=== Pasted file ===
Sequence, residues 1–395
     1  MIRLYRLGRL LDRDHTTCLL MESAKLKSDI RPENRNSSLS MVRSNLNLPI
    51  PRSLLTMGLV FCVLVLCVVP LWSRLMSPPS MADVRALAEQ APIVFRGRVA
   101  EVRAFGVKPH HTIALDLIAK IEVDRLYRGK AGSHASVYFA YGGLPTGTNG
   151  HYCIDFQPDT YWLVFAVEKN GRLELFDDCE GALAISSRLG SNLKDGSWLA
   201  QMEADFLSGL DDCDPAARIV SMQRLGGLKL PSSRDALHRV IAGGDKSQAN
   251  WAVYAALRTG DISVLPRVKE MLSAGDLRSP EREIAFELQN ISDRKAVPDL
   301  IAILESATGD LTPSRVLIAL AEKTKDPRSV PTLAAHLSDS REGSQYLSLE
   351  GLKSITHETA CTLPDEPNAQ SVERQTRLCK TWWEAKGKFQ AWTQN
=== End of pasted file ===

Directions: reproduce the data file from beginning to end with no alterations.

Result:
Sequence, residues 1–395
     1  MIRLYRLGRL LDRDHTTCLL MESAKLKSDI RPENRNSSLS MVRSNLNLPI
    51  PRSLLTMGLV FCVLVLCVVP LWSRLMSPPS MADVRALAEQ APIVFRGRVA
   101  EVRAFGVKPH HTIALDLIAK IEVDRLYRGK AGSHASVYFA YGGLPTGTNG
   151  HYCIDFQPDT YWLVFAVEKN GRLELFDDCE GALAISSRLG SNLKDGSWLA
   201  QMEADFLSGL DDCDPAARIV SMQRLGGLKL PSSRDALHRV IAGGDKSQAN
   251  WAVYAALRTG DISVLPRVKE MLSAGDLRSP EREIAFELQN ISDRKAVPDL
   301  IAILESATGD LTPSRVLIAL AEKTKDPRSV PTLAAHLSDS REGSQYLSLE
   351  GLKSITHETA CTLPDEPNAQ SVERQTRLCK TWWEAKGKFQ AWTQN